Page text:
HR & Management

Published

How to deal with workplace disputes

4 Mins

In fact, a recent study found that businesses spent roughly three hours a week dealing with conflict! With that in mind, here are six key ways of dealing with workplace disputes and increasing productivity in your workplace.

Be active, not passive

Many new managers are afraid of disputes. They will either be wilfully blind and ignore it, or hide in their offices hoping it will go away. Unfortunately, even the most minor tensions can result in major disputes and legal battles if not addressed quickly.

It is up to managers to actively look for disputes and potential conflicts and tackle them head-on. This will reduce many areas of dispute from even appearing or, at worst, minimise the impact of conflict on your workplace.

Set clear boundaries

Having written out and set procedures is extremely beneficial to dispute prevention and resolution. For example, a detailed job description for your employees will increase accountability and prevent conflict over unfinished or duplicate tasks; a defined chain of command will prevent disputes over authority, power and ego.

Prepare

Before you invite the parties involved for a meeting, be sure you are well prepared. Find a private space, turn off your electronics and know what issues you want to discuss. It is also beneficial to have all relevant paperwork to the issue, which may include: pay slips, bank statements and email correspondence. When you are ready, invite the parties involved into the private space and make them feel comfortable – ask them how they’re doing, ask if they need a water, etc.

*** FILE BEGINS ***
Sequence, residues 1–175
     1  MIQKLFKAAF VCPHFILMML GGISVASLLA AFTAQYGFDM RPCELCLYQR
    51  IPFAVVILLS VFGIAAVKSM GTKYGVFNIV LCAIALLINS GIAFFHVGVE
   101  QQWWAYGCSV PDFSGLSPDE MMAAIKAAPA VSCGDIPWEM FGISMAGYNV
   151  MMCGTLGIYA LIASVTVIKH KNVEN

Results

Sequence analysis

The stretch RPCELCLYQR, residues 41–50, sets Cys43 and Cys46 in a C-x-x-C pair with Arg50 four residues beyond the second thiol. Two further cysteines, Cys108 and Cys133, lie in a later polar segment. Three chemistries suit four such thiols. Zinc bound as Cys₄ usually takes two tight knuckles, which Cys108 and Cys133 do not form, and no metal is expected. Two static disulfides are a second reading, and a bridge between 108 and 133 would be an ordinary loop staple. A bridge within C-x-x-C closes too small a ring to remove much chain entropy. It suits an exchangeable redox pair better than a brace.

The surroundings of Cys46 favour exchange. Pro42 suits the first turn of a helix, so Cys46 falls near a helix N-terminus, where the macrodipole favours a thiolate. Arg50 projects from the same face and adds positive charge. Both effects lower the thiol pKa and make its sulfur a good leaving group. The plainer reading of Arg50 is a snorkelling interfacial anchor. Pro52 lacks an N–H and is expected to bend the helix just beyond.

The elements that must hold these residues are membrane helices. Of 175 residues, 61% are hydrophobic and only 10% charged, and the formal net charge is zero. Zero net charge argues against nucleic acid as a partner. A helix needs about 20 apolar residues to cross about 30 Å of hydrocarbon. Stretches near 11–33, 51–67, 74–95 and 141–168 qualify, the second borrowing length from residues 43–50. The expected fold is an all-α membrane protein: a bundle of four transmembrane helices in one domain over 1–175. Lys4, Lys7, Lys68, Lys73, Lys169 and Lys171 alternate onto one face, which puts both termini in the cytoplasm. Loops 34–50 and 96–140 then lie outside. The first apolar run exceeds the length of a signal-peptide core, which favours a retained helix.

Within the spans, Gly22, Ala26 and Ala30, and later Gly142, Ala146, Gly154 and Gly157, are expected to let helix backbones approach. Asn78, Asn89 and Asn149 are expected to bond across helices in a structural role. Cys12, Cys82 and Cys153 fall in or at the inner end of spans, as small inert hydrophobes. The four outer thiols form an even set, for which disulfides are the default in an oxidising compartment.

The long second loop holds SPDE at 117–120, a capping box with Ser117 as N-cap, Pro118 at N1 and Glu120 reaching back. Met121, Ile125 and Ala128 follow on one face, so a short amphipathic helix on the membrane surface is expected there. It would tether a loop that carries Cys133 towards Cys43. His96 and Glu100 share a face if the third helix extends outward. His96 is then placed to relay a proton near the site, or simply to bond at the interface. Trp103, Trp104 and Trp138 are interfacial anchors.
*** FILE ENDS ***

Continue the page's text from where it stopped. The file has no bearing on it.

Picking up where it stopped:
Read more about conflict in the workplace:

Listen

Listening is important. For the first portion of the meeting, let the parties involved talk openly without input of your own opinion. Sometimes those in dispute just need to vocalise their problems. In either case, letting your staff openly talk to you, will help you understand the full extend of the problem and may reveal any underlying issues or tensions that can be easily addressed.

It is important that you maintain eye contact, ask clarifying questions and show you are genuinely listening and want to help them.

Discuss

When you are discussing the dispute and (possibly) giving advice, make sure to be specific rather than general. For instance, cite specific instances and give examples of model behaviour rather than giving vague do’s and don’ts.

Furthermore, make sure neither party is feeling that they are being targeted. You should make them feel comfortable and clarify that they are here to reach a mutual agreement. This involves using “I” and “we” pronouns rather than “you” or “him”.

When a mutual solution is reached, clearly articulate it to all parties and make sure that all parties fully understand and agree to move forward.

Subsequent measures

Generally, it is best to resolve a workplace dispute informally. However, if things do get out of hand, it is a good idea to seek some legal advice. Possible further measures can include professional mediation or even arbitration.

Monique Goodyer works as a marketing specialist at  Monaco Compensation Lawyers.

Image source

Share this story

£9m investment to support launch of UK digital innovation centres
Employment tribunals: Possible cut in employees’ fees could see numbers rise again
Send this to a friend